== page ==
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Survival Gear: SOG’s Force Knife

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November 14, 2011
Survival Gear: SOG’s Force Knife - 10

SOG’s Force knife is the meanest knife in my collection, hands down.

The stout thickness and minimal grind profiles are the secrets behind the strength of the blade. The Force is one of the best-constructed and toughest fixed-blade knives in the SOG knife family. But is it functional in the field?

The Chopping Test

I couldn’t wait to get it out in the field to see how well it cut. The SOG Force is big enough and strong enough to handle most camp chores like chopping branches and saplings. A 2-inch-diameter piece of white oak was chopped in two, quickly. I then cut off some hard, dried, knotty pine branches; and the blade still maintained its original sharpness. After quite a lot of chopping, the Force still cut heavy rope like it was butter. It also split wood well, when using a baton.

The Carving Test

I don’t think there is anything the Force can’t carve: wood, venison, an aluminum can, and then a tomato. It carved friction fire equipment and trap parts with ease. The serrated section of the blade sawed and carved material away quickly, and cut ropes in a snap.

The Knife’s Features

The blade on the SOG Force is a thick AUS 8 steel, which is razor sharp right out of the box and virtually unbreakable. The handle is made of a glass-reinforced nylon, through which the tang of the blade extends out the back into a glass-breaking point. The glass-reinforced nylon is incredibly lightweight, making the Force easy to carry at just 10.5 ounces. The handle has a contoured shape and is covered in an aggressive checkering, which keeps the knife securely in hand.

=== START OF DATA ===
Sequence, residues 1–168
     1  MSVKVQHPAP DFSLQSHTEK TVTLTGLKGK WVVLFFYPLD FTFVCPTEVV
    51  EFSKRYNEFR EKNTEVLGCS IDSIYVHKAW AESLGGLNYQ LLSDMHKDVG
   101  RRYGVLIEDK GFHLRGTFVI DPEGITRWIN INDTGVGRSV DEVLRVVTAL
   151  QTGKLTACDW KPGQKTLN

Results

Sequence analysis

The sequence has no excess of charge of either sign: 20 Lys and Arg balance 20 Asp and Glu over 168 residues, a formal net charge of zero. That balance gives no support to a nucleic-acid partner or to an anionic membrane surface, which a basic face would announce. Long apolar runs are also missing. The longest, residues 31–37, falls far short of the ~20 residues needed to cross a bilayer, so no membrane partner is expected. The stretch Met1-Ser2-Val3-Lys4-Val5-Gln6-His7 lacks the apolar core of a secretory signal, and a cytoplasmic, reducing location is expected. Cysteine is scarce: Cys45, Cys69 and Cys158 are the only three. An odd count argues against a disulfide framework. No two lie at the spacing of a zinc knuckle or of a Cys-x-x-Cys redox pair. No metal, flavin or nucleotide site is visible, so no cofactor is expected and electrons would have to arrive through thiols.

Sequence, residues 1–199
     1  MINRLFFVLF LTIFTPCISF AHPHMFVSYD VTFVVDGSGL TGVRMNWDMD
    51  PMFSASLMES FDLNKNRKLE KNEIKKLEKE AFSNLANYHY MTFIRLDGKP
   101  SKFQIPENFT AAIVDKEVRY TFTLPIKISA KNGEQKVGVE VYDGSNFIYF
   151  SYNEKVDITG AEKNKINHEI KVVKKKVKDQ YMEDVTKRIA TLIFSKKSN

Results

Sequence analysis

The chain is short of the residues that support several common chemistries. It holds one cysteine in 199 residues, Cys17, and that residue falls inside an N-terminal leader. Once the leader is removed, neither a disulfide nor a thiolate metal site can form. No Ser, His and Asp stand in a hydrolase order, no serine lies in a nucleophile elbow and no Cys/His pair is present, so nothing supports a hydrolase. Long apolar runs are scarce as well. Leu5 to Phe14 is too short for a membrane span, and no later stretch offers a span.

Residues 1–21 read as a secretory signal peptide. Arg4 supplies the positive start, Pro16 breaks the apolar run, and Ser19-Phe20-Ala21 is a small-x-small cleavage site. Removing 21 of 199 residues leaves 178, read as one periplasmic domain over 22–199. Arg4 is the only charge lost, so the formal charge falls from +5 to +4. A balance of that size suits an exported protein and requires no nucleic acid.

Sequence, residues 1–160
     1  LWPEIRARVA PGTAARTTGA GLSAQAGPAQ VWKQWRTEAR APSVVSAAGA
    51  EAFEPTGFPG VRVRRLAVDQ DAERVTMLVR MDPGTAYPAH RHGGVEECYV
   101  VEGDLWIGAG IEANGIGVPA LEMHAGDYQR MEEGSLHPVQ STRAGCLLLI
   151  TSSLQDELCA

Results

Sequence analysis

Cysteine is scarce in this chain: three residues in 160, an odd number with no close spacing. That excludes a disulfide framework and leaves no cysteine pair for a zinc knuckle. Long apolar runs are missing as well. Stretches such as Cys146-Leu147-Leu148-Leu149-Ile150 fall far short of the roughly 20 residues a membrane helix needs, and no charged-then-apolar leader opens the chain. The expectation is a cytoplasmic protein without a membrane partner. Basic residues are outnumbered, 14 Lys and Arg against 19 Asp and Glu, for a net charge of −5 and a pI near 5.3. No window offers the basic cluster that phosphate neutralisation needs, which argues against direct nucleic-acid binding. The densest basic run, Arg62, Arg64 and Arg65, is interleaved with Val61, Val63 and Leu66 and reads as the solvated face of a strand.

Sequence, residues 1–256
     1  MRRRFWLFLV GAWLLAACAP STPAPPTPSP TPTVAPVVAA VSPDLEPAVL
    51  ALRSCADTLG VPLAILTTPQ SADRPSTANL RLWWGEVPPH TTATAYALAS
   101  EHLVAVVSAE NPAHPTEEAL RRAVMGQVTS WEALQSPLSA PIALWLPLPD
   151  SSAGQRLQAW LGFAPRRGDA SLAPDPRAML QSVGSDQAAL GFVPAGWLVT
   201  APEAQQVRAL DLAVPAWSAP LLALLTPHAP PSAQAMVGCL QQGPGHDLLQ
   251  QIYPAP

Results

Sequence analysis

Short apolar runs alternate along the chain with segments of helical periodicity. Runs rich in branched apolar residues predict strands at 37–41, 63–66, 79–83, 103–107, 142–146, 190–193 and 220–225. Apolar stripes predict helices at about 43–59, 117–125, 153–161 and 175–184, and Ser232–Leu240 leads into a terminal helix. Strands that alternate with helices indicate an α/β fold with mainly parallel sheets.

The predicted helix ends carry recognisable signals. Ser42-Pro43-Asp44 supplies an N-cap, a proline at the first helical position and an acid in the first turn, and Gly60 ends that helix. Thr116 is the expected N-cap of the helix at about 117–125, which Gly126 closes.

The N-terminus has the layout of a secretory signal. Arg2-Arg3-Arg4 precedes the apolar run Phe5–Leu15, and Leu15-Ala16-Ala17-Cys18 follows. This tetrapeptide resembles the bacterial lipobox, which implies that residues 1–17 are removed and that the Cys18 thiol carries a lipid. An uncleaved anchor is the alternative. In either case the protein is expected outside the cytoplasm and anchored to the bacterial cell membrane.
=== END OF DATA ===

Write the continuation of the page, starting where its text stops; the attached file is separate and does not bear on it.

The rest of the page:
What are my favorite aspects of this knife?

My favorite things about the SOG Force are its heavy construction and the way it keeps an edge. If you were heading out into the wild for a long time, and could only have one knife, this should be the one. As I said, this is the meanest knife I own.

Do you own the SOG Force? Tell us how you like it, or whether there’s anything you’d improve about it, in the comments.

Comments (10)

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from 23 11/22/2011 at 10:01am

I have had a SOG Revolver-half serrated blade turns into the handle to reveal a full length saw blade for several years feild dressed and processed over 10 deer and alsl used on clearing trails and processing hogs, GREAT knife. Own several other SOG products, broke a handle out of a tomahawk-SOG replaced no questions asked.